The Fear, Violence and Power Relationship Analysis


Max Weber described “Power” as the possibility that one participant in a period lasting would be capable of carrying out his wishes amid opposition, irrespective of the basis on which such likelihood is predicated. Thomas Hobbes described power as compared to the control one may exhibit over a splinter by hammering it (Odzuck, 2019, p. 30). Hannah Arendt says power is the capacity not simply to strike but to behave in concert (Whelan, 2019, p. 40). According to Talcott Parsons, power is a mechanism functioning to bring about changes in the interactions of individuals (Sciortino, 2021, p. 160). From these definitions from various authors, it is evident that fear, power, and violence relate. When individuals or administrations wrongly use their power, they may cause violence among themselves, causing fear among citizens.

Fear, Power, and Violence

Individuals might cause political fear among others to gain political or professional goals through inherent bias. The incident is similarly known as the “climate of fear” or “culture of fear.” Although fear can influence people’s attitudes, understanding how it is intentionally and strategically used to manipulate us might assist in mitigating its consequences (Ecker et al., 2022, p. 20). A strategy that depends on the innate need to feel safer in large groups is using fear, for instance, to sway voters in favor of a specific candidate or party. Campaigns often employ fear to turn voters against their political rivals. This tactic could entail making accurate or false comments about the shortcomings of the rival candidate or making dire predictions about what would happen if the rival candidate won the race. When a politician questions a contender’s health—either physically or mentally—the intention is frequently to instill dread in the fans, leading them to question the candidate’s competence.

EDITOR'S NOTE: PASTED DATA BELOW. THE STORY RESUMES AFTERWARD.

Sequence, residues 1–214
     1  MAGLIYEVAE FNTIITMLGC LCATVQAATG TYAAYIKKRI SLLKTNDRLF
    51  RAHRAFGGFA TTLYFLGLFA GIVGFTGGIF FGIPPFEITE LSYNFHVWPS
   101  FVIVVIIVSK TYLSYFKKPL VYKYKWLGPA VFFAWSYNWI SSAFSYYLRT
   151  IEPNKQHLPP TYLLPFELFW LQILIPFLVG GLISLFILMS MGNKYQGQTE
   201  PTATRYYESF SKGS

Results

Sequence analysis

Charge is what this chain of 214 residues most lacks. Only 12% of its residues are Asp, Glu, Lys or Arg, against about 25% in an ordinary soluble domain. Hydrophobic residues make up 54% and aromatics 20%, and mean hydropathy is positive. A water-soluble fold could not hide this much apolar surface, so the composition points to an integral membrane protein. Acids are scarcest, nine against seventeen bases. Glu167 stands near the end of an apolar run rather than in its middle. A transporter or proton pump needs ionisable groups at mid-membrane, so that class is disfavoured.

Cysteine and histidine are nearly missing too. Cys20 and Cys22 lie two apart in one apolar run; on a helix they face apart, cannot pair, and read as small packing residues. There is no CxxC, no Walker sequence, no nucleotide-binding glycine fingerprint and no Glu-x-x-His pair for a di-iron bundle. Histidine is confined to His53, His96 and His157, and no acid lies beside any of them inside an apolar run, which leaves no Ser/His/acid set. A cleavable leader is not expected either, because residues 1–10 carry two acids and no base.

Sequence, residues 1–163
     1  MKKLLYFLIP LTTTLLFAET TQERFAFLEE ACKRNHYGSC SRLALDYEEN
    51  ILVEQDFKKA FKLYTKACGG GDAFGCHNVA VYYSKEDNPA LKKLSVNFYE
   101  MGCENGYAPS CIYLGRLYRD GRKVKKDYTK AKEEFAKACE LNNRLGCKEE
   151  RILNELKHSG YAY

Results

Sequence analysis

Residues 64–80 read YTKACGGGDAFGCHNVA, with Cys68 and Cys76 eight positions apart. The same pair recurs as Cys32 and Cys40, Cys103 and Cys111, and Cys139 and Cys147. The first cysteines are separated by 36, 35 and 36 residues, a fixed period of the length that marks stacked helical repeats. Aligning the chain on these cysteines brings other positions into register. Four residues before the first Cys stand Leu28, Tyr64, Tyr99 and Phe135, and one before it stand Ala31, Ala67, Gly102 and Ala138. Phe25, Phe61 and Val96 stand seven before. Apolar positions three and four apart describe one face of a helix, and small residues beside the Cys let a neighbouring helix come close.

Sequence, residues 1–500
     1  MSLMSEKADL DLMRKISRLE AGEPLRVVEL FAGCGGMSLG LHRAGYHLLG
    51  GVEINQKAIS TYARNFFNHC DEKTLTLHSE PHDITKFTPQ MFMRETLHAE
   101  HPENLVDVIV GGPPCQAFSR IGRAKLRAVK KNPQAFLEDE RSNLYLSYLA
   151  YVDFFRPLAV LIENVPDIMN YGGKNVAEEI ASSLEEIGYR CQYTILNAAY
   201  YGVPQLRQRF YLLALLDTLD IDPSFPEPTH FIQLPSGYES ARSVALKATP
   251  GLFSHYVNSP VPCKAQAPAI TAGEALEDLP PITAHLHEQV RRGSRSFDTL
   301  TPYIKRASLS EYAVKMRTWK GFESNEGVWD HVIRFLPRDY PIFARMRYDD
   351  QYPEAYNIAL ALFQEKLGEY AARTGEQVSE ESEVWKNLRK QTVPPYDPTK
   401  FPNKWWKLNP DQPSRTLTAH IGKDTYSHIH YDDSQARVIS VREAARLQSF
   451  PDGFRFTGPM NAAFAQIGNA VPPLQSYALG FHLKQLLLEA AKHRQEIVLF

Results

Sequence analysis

The formal authority granted to an individual within a company is legitimate power. Since real power stems from a position or title at work, privilege is a form of positional power. Complete authority is the official power given to a person inside a corporation. Because it originates from a post or job designation, legitimate authority is available to power. Legitimate authority figures frequently take on a “parental” role within a business. They are in charge of making decisions and implementing plans that improve the business. Experience demonstrates that domination never voluntarily confines itself to the justification of financial, affective, or ideal objectives. Three categories of legal dominance exist, including logical, conventional, or charismatic arguments, which may support legitimacy claims (Körösényi, 2019, p. 290). If validity is asserted for power and believed in due to the reverence of centuries-old laws and authorities, the authority will be considered traditional. Based on the existence and application of charismatic personal attributes, the social interactions immediately engaged are personal.